Understanding how a student learns is probably one of the most important tasks you will ever undergo as a teacher. There is no one-size, each child is unique. They bring a unique learning history, they bring unique strengths & needs, they have unique interests, each student will have a unique set of experiences making up their individuality.
Understanding these differences in our students and how these differences affect each student as a learner is not only a huge undertaking, but it is a necessary one. You see, if teachers continue to stick with their preferred teaching approach without offering choices or variation in how they present and represent information, there will be students who struggle with connecting to the lesson.
I acknowledge how challenging of an undertaking this is for teachers- it is time consuming & can be frustrating to fit in when you have so much to do. However, it is essential.
Keep reading for a few ways you can start to develop an understanding of the differences in the ways our students learn.
Interests play an important role in how our students learn. When our kiddos are interested in certain topics or subjects, they tend to retain information and focus at a higher rate. Learn about your students' interests and help them develop new ones.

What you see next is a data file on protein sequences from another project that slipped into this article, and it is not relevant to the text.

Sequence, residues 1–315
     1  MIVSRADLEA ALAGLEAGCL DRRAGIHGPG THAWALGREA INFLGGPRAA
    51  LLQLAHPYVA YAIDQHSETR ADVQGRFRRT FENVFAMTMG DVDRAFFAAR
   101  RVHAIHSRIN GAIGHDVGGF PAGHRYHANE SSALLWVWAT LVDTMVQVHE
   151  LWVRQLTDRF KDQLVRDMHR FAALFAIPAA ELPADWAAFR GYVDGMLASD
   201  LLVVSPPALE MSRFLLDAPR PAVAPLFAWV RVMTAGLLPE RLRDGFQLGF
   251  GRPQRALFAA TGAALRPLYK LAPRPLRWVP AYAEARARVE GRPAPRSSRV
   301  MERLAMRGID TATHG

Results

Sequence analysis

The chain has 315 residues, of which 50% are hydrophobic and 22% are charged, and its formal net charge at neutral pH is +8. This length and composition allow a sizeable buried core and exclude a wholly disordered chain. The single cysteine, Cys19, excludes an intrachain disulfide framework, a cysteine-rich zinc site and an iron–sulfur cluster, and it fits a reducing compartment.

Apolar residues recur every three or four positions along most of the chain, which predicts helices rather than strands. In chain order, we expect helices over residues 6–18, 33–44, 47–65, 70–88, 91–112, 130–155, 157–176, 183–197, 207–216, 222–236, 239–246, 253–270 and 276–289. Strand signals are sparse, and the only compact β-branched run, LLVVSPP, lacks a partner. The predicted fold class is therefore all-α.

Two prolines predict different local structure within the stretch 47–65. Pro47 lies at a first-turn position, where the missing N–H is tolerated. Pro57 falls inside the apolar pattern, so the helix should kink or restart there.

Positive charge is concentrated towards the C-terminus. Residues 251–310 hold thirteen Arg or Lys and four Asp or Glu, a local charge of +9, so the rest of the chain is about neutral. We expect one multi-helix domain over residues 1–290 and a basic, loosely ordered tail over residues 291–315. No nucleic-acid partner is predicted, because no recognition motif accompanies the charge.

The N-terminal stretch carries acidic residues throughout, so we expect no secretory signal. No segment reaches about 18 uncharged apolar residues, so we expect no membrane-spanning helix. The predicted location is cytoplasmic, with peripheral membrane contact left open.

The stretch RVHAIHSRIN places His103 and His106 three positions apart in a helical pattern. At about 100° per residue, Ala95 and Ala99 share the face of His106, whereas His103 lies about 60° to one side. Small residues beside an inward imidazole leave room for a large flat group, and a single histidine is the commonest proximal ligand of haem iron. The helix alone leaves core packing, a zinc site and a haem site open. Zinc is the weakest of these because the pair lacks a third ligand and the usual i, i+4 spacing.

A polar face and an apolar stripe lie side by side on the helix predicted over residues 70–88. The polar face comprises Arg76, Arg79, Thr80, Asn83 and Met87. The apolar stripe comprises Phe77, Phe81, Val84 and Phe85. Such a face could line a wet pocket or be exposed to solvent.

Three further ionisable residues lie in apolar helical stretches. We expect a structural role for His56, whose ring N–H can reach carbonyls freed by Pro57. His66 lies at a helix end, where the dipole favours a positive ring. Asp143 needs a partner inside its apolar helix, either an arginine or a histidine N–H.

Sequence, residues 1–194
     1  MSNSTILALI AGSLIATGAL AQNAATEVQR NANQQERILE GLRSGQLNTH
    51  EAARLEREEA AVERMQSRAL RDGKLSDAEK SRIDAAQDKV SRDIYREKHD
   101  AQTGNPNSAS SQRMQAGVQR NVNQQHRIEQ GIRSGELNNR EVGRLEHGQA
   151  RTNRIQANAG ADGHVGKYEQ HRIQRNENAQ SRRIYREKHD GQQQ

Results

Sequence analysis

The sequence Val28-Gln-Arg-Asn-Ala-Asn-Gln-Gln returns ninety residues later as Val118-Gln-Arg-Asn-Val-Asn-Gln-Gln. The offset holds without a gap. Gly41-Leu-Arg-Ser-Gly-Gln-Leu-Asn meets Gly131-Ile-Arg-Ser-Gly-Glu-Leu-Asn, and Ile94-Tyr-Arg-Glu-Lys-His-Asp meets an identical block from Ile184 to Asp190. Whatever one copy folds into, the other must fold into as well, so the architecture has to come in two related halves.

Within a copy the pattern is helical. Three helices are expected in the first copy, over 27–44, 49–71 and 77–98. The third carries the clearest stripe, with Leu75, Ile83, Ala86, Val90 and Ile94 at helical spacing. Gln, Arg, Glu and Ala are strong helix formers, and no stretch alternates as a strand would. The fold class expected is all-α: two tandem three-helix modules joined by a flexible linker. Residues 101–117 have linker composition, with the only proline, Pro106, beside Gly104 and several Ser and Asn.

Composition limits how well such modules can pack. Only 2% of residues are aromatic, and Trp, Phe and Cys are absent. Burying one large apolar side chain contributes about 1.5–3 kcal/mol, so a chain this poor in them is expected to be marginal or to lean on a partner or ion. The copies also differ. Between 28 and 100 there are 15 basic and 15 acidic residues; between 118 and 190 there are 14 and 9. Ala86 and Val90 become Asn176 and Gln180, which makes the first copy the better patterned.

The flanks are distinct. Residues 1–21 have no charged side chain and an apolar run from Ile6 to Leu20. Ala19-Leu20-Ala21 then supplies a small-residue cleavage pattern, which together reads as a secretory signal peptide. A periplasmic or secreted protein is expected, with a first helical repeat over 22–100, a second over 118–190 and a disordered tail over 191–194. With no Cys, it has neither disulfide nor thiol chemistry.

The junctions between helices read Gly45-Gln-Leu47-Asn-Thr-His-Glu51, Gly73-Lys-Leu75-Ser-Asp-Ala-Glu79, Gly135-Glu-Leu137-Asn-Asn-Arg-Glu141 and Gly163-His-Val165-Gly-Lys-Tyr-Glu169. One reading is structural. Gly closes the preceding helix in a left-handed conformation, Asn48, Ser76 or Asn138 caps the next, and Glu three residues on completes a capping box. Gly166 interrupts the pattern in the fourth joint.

Pay attention to your students' social interactions, social habits, and social connections. See how they weave into the fabric of your learning community: are they collaborative, relaxed, independent, competitive, et cetera. Understanding how they 'fit in' in the learning community will help you to develop roles and responsibilities based on their strengths.
Get to know them as individuals: who are they? what are their likes? dislikes? interests? what is their culture? what is important to them? what makes them happy? The more you understand your students, the more you will be able to anticipate their perceptions, the importance of certain experiences on their learning, and their reactions to new situations. Understanding your students as individuals will help you in building connections to new materials and lessons. It will help you to provide meaningful choices and options.
Our students' interests, social interactions, and individuality are all important components to understand when figuring out who our kiddos are as learners and how they learn. When teaching to a range of learners it is essential to understand who they are as both individuals and as learners. Understanding each student allows you to connect with them, start to build a relationship, and to appropriately support their learning journey.